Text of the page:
If the possibility of worsening depression is a realistic consideration,
bupropion is also used as an antidepressant. This drug may be
particularly useful in women who are on the verge of depression while
The money caved over a lifetime by not
purchasing tobacco products may be $15,000 to $20,000. Reducing the risk
of heart attack, lung cancer, stroke, and chronic obstructive pulmonary
disease (COPD) is also a major payoff.
Today, we need a grassroots
effort in smoking cessation. Such an effort may be the result of the new
National Lung Health Education Program, which aims to identify smokers
at risk of developing symptomatic COPD and associated diseases of lung
cancer, heart attack, and stroke. All of these disease states have a
much greater prevalence when airflow obstruction is present than when it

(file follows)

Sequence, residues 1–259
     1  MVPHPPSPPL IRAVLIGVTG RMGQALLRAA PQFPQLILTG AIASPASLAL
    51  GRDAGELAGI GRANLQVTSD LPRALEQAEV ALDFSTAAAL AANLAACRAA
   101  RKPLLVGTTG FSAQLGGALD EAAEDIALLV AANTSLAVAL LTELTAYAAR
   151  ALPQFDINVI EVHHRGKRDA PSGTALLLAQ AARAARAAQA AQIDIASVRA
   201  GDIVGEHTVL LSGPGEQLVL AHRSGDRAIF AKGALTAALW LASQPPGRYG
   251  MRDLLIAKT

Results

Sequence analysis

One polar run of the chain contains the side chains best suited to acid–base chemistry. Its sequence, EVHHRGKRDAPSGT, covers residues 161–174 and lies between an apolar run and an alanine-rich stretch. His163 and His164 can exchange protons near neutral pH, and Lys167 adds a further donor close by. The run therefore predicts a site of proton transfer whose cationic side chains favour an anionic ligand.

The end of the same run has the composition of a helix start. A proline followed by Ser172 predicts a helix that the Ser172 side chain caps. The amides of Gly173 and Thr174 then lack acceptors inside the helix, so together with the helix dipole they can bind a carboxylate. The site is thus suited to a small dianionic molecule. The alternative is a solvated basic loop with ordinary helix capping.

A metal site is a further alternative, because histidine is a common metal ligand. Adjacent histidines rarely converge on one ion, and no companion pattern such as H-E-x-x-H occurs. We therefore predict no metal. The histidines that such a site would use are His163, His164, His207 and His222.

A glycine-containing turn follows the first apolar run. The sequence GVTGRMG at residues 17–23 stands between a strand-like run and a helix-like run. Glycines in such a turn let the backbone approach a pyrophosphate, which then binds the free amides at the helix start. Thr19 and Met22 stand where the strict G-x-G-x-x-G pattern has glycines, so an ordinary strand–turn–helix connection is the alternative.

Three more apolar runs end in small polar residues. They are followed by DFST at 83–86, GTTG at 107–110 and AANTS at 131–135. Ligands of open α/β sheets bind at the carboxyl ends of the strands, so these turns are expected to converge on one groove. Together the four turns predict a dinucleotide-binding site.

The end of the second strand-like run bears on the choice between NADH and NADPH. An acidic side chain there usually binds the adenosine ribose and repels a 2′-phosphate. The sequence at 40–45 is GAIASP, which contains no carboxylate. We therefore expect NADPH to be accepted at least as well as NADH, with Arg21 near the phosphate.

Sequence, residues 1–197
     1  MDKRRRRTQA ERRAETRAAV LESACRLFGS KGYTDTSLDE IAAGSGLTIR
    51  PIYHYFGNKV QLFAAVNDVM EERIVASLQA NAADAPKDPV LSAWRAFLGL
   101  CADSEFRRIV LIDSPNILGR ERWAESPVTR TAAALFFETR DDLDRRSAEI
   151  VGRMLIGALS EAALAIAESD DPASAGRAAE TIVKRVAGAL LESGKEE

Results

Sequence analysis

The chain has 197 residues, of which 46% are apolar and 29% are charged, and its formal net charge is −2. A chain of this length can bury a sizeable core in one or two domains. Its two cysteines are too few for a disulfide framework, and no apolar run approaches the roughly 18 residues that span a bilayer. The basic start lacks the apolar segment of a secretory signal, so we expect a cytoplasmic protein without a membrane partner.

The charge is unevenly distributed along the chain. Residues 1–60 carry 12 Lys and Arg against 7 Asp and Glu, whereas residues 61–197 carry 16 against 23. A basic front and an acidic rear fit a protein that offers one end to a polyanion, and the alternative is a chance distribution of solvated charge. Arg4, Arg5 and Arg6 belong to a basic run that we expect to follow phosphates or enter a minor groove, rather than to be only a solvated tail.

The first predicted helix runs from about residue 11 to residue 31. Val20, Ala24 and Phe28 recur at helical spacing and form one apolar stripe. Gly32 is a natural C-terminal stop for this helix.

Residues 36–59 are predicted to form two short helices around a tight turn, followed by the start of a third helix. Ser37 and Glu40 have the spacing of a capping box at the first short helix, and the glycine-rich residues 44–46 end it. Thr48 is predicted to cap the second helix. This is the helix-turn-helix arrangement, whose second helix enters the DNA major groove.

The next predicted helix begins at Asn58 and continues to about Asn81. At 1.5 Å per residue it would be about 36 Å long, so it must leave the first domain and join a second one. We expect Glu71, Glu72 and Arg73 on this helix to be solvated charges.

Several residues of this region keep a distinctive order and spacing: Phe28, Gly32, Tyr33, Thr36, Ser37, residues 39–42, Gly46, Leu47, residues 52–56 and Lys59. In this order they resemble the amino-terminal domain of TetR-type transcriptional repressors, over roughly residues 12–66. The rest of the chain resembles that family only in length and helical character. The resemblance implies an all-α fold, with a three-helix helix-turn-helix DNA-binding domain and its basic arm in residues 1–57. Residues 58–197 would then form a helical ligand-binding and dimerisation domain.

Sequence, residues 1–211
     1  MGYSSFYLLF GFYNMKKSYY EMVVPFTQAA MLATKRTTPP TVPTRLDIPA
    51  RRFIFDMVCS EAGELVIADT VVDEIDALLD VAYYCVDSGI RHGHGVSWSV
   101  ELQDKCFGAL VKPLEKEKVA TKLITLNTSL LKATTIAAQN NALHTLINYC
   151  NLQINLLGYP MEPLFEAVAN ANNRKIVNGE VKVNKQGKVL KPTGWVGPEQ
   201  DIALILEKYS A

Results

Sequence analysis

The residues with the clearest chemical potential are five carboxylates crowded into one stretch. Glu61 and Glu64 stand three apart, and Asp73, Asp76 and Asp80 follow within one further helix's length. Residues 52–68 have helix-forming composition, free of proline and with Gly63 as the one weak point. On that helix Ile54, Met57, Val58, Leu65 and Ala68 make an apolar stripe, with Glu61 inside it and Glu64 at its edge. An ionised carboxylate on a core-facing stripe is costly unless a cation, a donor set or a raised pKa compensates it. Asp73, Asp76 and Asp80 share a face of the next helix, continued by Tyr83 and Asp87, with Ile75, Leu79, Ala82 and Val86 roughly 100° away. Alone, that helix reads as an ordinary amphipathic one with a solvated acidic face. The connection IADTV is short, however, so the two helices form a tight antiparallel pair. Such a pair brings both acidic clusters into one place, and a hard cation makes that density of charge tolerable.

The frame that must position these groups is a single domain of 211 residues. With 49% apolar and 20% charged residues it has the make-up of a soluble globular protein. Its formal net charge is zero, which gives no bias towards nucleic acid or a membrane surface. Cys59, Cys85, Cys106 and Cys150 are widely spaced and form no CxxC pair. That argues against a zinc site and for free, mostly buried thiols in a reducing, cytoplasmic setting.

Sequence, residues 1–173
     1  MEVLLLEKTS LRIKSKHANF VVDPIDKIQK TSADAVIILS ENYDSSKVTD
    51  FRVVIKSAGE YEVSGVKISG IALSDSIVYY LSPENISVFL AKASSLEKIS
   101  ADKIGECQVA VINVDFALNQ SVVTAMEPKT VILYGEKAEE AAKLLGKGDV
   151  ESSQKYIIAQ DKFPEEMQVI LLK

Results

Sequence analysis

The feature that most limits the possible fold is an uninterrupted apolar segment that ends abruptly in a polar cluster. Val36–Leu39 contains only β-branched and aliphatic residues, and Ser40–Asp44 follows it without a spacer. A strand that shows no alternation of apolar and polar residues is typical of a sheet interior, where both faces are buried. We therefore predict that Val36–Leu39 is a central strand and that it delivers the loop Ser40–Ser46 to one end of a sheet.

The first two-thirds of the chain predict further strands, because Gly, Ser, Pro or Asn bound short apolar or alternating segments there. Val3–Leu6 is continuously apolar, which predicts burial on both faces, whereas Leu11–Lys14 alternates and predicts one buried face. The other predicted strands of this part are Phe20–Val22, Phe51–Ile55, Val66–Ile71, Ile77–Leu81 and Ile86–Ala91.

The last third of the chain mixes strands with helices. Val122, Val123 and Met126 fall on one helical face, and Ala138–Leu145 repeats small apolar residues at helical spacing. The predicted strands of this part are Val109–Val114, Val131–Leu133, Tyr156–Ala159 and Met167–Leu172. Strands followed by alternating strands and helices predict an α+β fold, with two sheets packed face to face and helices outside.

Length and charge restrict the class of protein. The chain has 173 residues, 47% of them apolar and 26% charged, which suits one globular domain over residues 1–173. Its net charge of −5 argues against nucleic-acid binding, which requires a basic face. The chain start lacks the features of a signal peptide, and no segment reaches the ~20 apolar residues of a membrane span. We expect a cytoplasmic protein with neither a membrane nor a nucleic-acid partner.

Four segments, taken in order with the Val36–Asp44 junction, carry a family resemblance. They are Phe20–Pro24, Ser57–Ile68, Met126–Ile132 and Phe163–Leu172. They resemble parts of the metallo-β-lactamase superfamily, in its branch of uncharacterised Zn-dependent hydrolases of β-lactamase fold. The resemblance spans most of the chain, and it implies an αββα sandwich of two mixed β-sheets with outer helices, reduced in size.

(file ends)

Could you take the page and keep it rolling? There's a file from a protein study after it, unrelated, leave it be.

is normal. Thus, the spirometer becomes a tool in early identification
of the four most common killers in the United States.3
Knowledge of spirometric abnormalities can also help encourage smoking
Thomas L. Petty, MD, is chairman of
the National Lung Health Education Program and professor of medicine,
University of Colorado Health Sciences Center, Denver.
1. Hurt RD, Sachs DP, Glover ED, et al. A comparison
of sustained-release bupropion and placebo for smoking cessation. N
Engl J Med. 1997;337:1195-1202.
2. Hilleman DE, Mohiaddin SM, Delcore MG. Comparison
of fixed-dose transdermal nicotine, tapered-dose transdermal nicotine,
and buspirone in smoking cessation. J Clin Pharmacol.
3. Petty TL. Spirometry for all. RT Magazine.
Journal for Respiratory Care Practitioners/RT C 13:49-51.